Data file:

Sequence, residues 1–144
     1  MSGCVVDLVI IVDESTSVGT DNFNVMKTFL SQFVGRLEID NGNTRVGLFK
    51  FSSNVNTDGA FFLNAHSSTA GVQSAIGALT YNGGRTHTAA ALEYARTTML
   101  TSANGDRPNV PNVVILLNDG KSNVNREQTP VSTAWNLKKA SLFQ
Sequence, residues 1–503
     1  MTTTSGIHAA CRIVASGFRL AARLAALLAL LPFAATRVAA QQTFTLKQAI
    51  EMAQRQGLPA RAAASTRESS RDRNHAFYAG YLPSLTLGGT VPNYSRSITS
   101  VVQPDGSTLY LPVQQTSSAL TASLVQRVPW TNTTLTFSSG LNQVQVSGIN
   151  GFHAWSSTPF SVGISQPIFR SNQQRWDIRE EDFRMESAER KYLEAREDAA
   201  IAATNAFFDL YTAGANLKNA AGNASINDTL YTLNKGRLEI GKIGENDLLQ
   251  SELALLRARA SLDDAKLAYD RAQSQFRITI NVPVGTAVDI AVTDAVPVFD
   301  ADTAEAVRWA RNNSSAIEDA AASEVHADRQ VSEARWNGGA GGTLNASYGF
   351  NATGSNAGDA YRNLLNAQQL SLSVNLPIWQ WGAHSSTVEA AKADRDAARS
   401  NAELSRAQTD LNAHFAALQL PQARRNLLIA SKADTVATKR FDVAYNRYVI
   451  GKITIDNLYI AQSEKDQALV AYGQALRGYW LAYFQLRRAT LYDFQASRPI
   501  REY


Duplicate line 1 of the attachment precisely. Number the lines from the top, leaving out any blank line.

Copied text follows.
Sequence, residues 1–144